Gap insurance can protect your assets if a thief steals your newly financed or leased vehicle, or if you total the car in the first couple years of ownership. Cars depreciate rapidly, and collision and comprehensive coverages don’t provide all the protection you need for new cars. If you total your ride shortly after purchasing it, the insurance settlement you receive probably won’t provide enough funds to pay off your auto loan. In many cases, gap insurance coverage can bridge that gap.
Some car insurance companies offer the purchase of gap insurance, typically adding the coverage as an endorsement or rider to your auto policy, or through a car dealership or finance company. While gap insurance makes good financial sense for new vehicles, you can cancel the coverage after reducing your auto loan. And, if you cancel before the end of a policy term, you can request a refund for unused coverage.
Learn more about how gap insurance works and how it may impact you.
What Is Gap Insurance?
Guaranteed Auto (or Asset) Protection, commonly called “gap insurance” or "loan/lease gap coverage,” is a valuable type of protection for newer financed and leased vehicles. If your car is stolen or totaled, gap insurance can help pay the difference between the current value of your vehicle and the amount you still owe the lender.
Cars depreciate quickly, dropping approximately 20% in the first year of ownership. Over the next four years, the car will lose roughly 15% of its value each year. If your vehicle is stolen or totaled, the insurer will only pay its actual cash value, which deducts depreciation. For example, if you finance a vehicle for $15,000 and it is totaled after one year, the insurance provider will likely settle for no more than $12,000.
If you still owe more than $12,000, you’re on the hook for the difference. But if you have gap insurance, the coverage can help pay the outstanding balance.
Is Gap Insurance Required?
If you lease a car, leasing companies often require you to carry gap insurance. In most cases, it is included in your lease agreement at no additional charge. If it’s not included, you can purchase the additional coverage.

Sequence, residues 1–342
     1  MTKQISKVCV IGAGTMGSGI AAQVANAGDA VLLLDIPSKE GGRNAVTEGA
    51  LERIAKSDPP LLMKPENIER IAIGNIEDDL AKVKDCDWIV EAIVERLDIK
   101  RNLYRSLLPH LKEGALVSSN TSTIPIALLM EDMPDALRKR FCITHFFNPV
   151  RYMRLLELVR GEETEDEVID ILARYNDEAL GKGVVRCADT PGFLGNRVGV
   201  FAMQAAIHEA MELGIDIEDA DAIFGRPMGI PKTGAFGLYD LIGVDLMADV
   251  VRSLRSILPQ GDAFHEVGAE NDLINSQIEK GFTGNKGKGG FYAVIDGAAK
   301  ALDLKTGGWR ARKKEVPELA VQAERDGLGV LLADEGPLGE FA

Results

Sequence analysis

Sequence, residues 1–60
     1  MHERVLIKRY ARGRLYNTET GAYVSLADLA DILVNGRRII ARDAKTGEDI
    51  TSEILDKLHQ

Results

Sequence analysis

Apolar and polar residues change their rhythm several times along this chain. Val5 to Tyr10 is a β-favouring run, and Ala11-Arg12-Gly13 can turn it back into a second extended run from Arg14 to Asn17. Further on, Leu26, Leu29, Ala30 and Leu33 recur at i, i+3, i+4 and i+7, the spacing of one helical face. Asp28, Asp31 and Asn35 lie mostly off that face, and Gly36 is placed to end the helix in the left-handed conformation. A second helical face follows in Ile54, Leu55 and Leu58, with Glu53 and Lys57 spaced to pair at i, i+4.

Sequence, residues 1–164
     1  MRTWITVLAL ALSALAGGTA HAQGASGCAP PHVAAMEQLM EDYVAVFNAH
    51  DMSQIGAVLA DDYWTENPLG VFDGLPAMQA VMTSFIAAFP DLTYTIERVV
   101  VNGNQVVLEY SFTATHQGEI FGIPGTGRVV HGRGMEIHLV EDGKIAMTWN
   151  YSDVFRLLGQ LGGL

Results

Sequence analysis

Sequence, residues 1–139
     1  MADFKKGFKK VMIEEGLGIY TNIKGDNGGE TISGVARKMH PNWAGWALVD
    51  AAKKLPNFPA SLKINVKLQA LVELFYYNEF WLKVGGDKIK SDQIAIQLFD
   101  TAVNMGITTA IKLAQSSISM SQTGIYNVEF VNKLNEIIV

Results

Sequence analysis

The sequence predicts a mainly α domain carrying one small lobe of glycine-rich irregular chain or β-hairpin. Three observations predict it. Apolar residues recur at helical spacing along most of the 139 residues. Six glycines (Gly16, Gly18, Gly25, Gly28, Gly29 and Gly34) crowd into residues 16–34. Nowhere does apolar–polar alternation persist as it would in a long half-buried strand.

Typically, lenders don’t require gap insurance for financed cars, but you can sometimes buy the coverage through the lender or the auto dealer. Lenders and car dealers often sell gap insurance for a set premium of $500 to $700, according to United Policyholders. If you buy the coverage from a dealer or lender, though, they may incorporate it into your loan, adding interest to the cost.
Typically, you can buy the coverage for much less from an auto insurance company—if the provider offers it. Usually, carriers offer gap insurance as a rider or endorsement to auto policies.
If your lender doesn’t require gap insurance, it might be worth it to consider buying the coverage. Do so if you owe more on the auto loan than the vehicle is worth.
What Does Gap Insurance Exclude?
Even if you purchase gap insurance, it won’t cover everything you might owe a lender or leasing company, including:
- Costs not covered by the insurance settlement for prior damage, storage, towing, or wear and tear
- Balances carried over from previous leases or loans
- Extended warranty costs
- Lease security deposits
- Penalties imposed by a leasing company for excessive mileage
- Overdue payments
- Non-OEM equipment added to the vehicle, such as stereo or GPS systems
When Should You Cancel Your Gap Insurance?
If you add gap insurance to your auto policy, you can cancel the coverage after your loan amount drops below the car’s value. Often, an auto loan balance will dip below the car’s value after about two years of payments. You can also drop gap coverage if you pay off your loan early, or trade or sell the vehicle.
If you lease a car, the lease agreement may require you to keep the coverage until the end of the contract term. Likewise, if a lender requires you to buy gap insurance, the finance agreement may require you to keep the coverage until you pay off the loan. Consult your lease agreement or loan contract for details.